But... if you are finding the only way to create a calorie deficit to lose weight is to exercise - then what happens what you decide to back off on the exercise and eat the same as you currently do?

    Thinking long-term...

    In theory they are using additional exercise and maintenance calories to lose a couple lbs. Assuming the OP recalculates maintenance at their new weight and consistently eats at maintenance they should maintain their weight even if they cut out the exercise.

    This is why understanding CICO is such a valuable thing. It's very easy, once you understand your energy needs, to adjust when you become more or less active.

    Example: For most of the year, I commute to work by walking. In the winter, I take the bus. Using a rigid approach would mean gaining weight in the winter, but since I understand my energy needs, I'm able to eat less in the winter and avoid weight gain.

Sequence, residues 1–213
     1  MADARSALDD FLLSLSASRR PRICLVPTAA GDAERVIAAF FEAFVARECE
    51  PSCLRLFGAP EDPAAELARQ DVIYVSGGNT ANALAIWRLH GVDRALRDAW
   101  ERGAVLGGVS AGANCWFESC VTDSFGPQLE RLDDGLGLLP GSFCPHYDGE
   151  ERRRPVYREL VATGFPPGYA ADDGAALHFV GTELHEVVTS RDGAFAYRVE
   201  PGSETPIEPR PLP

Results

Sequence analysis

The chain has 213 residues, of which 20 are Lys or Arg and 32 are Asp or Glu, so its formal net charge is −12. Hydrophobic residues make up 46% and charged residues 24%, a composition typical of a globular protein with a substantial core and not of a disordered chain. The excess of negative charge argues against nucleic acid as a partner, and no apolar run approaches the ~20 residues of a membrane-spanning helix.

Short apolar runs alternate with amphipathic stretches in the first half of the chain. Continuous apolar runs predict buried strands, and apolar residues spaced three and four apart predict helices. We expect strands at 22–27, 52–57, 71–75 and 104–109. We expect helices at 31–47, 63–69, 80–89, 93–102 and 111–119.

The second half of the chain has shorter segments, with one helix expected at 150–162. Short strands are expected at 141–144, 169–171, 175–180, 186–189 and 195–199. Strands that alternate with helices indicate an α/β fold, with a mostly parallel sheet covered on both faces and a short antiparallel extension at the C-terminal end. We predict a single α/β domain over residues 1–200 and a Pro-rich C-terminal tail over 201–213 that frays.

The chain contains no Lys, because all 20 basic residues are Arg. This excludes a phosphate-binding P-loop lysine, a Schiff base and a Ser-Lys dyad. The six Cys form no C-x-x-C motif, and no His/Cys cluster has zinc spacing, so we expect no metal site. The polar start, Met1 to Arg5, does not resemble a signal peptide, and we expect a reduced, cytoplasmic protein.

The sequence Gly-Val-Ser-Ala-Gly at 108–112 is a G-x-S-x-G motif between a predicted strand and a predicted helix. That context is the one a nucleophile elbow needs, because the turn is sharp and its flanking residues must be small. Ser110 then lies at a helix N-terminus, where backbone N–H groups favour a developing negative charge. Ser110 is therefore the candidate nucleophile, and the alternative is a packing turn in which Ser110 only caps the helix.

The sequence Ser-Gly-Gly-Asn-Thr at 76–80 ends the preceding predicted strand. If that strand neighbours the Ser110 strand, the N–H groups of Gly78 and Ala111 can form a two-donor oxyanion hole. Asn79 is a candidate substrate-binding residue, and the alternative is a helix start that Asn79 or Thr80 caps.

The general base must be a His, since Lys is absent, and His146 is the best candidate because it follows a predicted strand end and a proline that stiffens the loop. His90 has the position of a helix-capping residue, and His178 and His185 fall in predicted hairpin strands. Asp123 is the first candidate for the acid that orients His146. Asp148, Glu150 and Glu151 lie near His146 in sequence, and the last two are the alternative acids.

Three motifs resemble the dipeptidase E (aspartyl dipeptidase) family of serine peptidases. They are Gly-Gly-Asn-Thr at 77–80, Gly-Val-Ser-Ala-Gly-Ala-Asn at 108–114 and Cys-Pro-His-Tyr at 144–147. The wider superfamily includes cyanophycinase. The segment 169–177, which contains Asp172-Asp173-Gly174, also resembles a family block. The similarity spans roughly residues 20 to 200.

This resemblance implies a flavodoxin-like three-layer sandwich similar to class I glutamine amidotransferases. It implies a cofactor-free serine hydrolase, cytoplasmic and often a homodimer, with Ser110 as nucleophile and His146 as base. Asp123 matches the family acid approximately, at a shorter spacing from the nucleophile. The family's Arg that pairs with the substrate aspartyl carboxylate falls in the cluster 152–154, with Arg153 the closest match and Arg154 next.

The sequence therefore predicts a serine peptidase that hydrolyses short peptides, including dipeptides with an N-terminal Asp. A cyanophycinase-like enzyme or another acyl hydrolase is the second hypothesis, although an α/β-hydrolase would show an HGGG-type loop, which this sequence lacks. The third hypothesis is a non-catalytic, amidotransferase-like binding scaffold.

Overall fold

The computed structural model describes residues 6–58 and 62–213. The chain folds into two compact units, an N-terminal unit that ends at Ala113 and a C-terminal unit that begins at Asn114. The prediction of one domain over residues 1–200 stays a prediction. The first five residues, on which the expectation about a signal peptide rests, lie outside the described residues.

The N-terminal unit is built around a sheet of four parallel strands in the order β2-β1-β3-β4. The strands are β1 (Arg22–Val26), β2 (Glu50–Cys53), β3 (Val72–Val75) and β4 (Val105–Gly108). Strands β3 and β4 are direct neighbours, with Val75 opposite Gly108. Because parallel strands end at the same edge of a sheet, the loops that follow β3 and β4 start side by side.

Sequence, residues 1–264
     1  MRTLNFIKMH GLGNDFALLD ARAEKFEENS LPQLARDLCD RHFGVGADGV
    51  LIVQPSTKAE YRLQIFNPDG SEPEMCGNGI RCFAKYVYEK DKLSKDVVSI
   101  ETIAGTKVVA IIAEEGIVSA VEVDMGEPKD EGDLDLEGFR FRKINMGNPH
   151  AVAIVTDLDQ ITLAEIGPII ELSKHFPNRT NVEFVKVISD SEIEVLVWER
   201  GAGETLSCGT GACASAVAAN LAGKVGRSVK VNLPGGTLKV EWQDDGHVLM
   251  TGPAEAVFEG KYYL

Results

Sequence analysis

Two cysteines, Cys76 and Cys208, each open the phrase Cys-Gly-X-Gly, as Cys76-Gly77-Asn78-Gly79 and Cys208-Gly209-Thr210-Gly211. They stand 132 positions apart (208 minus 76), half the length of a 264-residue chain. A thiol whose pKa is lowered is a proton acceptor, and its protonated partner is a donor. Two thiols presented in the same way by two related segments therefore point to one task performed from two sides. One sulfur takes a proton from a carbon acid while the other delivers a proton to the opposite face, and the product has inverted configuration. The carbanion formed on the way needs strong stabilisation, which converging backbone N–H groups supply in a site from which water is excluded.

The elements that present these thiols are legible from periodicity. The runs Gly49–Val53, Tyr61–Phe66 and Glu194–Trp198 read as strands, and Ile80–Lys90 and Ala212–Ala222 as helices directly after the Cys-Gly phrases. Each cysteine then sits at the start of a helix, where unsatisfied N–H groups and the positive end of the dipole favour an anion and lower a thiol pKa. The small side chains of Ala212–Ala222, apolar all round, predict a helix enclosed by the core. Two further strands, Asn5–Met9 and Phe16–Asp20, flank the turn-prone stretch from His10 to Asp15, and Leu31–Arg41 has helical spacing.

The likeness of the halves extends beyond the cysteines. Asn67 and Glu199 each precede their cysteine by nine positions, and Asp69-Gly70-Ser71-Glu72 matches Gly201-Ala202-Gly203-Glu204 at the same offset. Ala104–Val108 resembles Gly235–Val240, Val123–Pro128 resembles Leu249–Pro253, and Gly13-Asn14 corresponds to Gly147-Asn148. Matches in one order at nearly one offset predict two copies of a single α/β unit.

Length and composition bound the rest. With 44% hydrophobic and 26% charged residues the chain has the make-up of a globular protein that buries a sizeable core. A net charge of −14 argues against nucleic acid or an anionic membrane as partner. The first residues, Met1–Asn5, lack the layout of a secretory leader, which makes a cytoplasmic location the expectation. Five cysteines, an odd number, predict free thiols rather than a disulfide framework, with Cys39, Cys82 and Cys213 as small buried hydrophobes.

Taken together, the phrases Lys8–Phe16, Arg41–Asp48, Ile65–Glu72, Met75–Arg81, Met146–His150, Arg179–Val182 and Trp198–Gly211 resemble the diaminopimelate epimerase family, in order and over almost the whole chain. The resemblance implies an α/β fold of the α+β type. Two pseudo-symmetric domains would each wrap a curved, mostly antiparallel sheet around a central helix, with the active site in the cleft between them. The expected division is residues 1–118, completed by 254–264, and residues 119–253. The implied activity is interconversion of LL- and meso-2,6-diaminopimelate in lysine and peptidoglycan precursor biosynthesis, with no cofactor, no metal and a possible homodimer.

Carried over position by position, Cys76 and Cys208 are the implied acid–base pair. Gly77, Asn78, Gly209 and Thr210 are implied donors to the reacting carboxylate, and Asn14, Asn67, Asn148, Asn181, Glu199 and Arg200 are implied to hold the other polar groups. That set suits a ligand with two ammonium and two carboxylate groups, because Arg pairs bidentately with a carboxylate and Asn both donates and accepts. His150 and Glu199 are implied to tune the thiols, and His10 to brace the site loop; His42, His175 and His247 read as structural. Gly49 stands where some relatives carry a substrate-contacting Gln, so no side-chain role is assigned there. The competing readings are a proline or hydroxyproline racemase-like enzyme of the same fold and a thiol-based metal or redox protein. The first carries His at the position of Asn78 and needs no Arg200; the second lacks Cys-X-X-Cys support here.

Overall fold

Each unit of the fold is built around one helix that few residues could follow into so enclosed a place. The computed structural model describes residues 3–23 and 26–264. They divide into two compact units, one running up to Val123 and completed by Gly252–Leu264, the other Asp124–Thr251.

• keepmelean
    keepmelean Posts: 28 Member
    Theoldguy1 wrote: »
    keepmelean wrote: »
    Not sure if this has been mentioned or asked (didn't see it).

    But... if you are finding the only way to create a calorie deficit to lose weight is to exercise - then what happens what you decide to back off on the exercise and eat the same as you currently do?

    Thinking long-term...

    Thinking long term, exercise is vital for health. No reason (outside of a catastrophic illness or injury) to back off.

    Not suggesting it is, but at some point, people do.
  • Theoldguy1
    Theoldguy1 Posts: 2,262 Member
    keepmelean wrote: »
    Theoldguy1 wrote: »
    keepmelean wrote: »
    Not sure if this has been mentioned or asked (didn't see it).

    But... if you are finding the only way to create a calorie deficit to lose weight is to exercise - then what happens what you decide to back off on the exercise and eat the same as you currently do?